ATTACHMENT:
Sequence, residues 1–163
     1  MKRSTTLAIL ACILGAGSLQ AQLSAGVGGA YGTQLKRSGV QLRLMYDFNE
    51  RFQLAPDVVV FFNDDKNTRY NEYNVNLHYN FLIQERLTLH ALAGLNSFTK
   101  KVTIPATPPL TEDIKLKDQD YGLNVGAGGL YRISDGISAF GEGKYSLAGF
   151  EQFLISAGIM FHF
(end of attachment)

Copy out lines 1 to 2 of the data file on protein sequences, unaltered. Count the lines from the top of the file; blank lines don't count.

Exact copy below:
Sequence, residues 1–163
     1  MKRSTTLAIL ACILGAGSLQ AQLSAGVGGA YGTQLKRSGV QLRLMYDFNE